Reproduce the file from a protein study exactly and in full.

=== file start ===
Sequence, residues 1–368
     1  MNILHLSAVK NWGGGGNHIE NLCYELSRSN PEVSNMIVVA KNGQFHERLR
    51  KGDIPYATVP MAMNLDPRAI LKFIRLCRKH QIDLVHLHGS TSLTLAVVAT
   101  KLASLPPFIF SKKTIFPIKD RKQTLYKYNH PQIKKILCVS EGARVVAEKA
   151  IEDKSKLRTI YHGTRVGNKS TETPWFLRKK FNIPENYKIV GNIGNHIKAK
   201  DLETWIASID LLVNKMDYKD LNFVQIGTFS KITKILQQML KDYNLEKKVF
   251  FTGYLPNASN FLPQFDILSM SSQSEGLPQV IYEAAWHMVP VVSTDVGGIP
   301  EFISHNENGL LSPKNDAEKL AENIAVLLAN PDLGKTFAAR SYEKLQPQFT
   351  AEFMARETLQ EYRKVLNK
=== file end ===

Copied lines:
Sequence, residues 1–368
     1  MNILHLSAVK NWGGGGNHIE NLCYELSRSN PEVSNMIVVA KNGQFHERLR
    51  KGDIPYATVP MAMNLDPRAI LKFIRLCRKH QIDLVHLHGS TSLTLAVVAT
   101  KLASLPPFIF SKKTIFPIKD RKQTLYKYNH PQIKKILCVS EGARVVAEKA
   151  IEDKSKLRTI YHGTRVGNKS TETPWFLRKK FNIPENYKIV GNIGNHIKAK
   201  DLETWIASID LLVNKMDYKD LNFVQIGTFS KITKILQQML KDYNLEKKVF
   251  FTGYLPNASN FLPQFDILSM SSQSEGLPQV IYEAAWHMVP VVSTDVGGIP
   301  EFISHNENGL LSPKNDAEKL AENIAVLLAN PDLGKTFAAR SYEKLQPQFT
   351  AEFMARETLQ EYRKVLNK